Opinion: Working with Rik Mayall, By Kevin Armento

One of Rik Mayall’s very last projects was to play a modern version of Fagin. In the months leading up to his sudden death on June 9, 2014 Mayall had been collaborating on a script with American writer Kevin Armento and Carlos Davis, writer/producer of Mayall's 1991 movie Drop Dead Fred. In the piece below Armento recalls the thrill of working with Mayall. Although he did not know Mayall’s British TV work when he first met him, he soon realised that he was in the presence of a comic genius. Immediately after Mayall’s death Armento wrote Please Excuse My Dear Aunt Sally inspired by their work together. The play is being performed at the Edinburgh Fringe this August (2016). The comedy is physical, the dialogue delivered at breakneck speed. Sounds like classic Mayall. 

Pictured - Armento with Mayall and Mayall's wife Barbara, taken at Rik's house in Barnes in November 2013

 

 

The first words I ever heard tumble out of Rik Mayall were "You'll have to forgive this fucking lion's mane, it's for character." 

 

He had just opened his door to us in Barnes - "us" being myself and Carlos Davis, writer and producer of Rik's cult classic Drop Dead Fred - and just as soon as he's said the lion bit, he's already bounding back inside, hair billowing behind him.

 

Carlos and I are fresh off a red eye from New York, because three weeks earlier we had sent Rik an idea for a modern take on Oliver Twist, and he had simply said, "I'm in, come out here and let's write it." 

 

It was to be his next film. Now, it's the last thing he ever wrote.

 

I met Rik and his leonine hair only eight months before he died, so I'm among the least qualified to contemplate his career or Who He Really Was in any substantial way. Carlos knew him for decades. Most people reading this probably grew up on The Young Ones and Bottom - I didn't see either until after we started working together.

 

I can only talk about those eight months - about his stunning improvisation while we were writing; about his insistence on going over scenes again and again until each joke and beat reached perfection; about our cigarette break chats about the roles he still wanted to play on stage (a battered stay-at-home husband in a reverse retro kitchen comedy, a Hannibal Lecter-like serial killer - oh man, his impression of the latter); and about the American Thanksgiving dinner his wonderful family threw for us on our second trip there.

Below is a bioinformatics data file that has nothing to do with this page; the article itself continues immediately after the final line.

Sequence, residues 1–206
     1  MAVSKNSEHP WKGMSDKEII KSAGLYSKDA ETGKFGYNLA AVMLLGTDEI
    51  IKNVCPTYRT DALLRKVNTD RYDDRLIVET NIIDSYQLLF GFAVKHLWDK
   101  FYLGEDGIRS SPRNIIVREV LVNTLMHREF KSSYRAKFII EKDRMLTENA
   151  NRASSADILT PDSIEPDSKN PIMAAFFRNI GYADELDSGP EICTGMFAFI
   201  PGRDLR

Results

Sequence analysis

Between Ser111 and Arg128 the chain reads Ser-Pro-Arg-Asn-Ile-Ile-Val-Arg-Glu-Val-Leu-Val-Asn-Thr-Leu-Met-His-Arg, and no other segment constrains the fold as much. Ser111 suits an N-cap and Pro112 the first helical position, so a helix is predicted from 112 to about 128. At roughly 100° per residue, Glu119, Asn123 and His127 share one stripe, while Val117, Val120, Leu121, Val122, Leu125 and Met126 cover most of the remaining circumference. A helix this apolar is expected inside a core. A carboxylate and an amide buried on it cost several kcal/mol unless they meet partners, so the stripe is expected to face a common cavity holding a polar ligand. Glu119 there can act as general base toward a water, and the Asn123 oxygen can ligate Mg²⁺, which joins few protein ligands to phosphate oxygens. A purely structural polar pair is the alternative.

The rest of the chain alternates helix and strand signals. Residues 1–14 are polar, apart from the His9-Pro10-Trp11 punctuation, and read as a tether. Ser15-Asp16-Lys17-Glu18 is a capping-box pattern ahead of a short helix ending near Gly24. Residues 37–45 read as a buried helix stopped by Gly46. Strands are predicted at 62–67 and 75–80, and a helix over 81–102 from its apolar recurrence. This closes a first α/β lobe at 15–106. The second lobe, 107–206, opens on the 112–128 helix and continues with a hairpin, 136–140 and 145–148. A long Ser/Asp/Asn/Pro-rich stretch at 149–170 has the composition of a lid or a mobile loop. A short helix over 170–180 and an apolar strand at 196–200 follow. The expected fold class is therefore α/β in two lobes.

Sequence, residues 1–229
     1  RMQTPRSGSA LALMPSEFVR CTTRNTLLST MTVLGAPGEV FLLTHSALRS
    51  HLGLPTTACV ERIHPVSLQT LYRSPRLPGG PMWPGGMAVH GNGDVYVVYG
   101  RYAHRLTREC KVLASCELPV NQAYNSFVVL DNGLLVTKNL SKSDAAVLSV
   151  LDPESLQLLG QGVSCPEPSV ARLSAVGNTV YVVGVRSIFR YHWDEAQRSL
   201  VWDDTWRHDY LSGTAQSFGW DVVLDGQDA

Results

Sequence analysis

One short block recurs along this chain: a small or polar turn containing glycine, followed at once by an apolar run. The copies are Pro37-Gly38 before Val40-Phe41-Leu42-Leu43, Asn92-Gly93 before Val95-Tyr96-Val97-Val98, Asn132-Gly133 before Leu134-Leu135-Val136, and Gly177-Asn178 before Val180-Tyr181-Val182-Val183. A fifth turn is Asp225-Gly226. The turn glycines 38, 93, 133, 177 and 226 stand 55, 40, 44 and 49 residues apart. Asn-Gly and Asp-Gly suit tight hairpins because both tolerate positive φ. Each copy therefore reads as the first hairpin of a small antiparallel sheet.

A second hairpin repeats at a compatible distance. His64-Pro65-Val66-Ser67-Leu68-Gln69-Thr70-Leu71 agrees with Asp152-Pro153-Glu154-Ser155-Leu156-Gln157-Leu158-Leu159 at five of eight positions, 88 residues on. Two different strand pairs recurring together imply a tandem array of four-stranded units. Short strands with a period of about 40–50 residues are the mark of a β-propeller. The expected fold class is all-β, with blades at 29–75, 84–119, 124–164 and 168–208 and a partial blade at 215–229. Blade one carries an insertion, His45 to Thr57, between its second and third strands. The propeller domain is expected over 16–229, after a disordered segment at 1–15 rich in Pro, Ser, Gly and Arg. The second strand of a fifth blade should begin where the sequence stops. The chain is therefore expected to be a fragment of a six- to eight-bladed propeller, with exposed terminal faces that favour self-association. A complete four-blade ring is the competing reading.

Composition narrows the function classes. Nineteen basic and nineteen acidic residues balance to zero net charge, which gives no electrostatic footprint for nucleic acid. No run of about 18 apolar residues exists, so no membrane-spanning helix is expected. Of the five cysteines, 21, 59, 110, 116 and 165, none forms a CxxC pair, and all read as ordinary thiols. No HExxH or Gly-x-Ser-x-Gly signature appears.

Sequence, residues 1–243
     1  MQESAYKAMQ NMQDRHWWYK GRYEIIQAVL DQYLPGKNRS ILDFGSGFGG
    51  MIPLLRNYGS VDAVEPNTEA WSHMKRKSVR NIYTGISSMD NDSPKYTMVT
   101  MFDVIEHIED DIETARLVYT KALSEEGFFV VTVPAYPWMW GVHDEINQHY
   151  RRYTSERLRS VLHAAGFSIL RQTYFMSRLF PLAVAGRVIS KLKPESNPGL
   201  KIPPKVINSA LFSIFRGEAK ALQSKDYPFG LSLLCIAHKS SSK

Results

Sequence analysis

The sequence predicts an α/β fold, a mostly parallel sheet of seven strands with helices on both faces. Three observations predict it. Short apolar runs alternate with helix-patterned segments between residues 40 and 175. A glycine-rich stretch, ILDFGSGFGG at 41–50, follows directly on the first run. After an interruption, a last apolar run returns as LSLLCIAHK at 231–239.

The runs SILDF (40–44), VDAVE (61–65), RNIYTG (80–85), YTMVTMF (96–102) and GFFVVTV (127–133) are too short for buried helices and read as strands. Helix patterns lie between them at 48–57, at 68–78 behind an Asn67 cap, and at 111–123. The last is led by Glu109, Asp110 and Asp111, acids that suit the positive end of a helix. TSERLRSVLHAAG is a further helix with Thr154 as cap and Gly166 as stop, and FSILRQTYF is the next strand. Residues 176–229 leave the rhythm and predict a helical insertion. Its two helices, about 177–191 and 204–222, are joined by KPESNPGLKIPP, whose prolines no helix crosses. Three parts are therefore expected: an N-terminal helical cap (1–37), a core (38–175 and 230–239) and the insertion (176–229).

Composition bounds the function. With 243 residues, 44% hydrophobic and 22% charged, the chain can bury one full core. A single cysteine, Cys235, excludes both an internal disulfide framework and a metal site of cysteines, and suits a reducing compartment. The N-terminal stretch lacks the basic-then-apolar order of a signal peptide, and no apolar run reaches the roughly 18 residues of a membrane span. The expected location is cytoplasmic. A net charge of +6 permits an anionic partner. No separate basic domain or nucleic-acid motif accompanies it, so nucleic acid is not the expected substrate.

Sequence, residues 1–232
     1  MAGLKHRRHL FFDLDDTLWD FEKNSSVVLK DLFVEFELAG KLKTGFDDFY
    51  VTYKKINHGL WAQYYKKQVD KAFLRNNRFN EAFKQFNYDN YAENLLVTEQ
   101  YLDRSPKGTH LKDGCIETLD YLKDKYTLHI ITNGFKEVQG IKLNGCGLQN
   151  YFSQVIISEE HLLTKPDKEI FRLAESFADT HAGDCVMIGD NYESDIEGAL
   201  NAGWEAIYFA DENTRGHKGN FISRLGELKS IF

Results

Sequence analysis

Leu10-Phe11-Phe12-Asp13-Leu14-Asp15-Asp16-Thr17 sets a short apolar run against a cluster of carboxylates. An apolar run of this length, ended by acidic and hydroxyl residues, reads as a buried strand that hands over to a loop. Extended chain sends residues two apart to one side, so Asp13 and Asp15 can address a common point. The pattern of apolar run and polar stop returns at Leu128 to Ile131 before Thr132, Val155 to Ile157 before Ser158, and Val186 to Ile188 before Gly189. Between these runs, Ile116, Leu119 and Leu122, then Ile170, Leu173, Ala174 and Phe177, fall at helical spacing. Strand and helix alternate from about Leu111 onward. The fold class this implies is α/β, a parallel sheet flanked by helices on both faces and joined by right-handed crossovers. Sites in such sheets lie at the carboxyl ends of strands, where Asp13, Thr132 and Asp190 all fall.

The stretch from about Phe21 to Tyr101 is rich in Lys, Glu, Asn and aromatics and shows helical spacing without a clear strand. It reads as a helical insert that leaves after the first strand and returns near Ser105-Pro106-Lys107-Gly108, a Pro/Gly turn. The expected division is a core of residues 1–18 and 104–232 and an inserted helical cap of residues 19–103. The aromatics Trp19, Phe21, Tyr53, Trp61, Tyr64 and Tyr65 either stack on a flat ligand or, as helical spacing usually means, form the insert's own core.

Rik was to play Fagin in our Oliver Twist, naturally, but not your granddad’s Fagin. Our version was set in contemporary London, and Fagin was a phone app some hacker kids created to learn how to steal shit. Siri, for thievery. As the app grows from beta to more complex versions, Rik's character grows from voiceover to a screen-sized face to a hologram, ever more powerful and genie-like, until before you know it he's in the bowels of the Bank of England helping children rob the world's wealthiest nations.

 

I can't overemphasize Rik's contributions in the writing process. If Carlos and I had created a lump of clay of an idea in New York, after a few trips to Barnes, Rik had molded it into an intricate statue...in technicolor...probably in the shape of a woman's breasts.

 

He was obsessive about the comedy, could play every character in readings (and did), and had an incredible bullshit detector for ideas. If you were trying to fudge something structurally, he'd sniff it out and bring us back to the drawing board until we got it right.

Article continues here.

 

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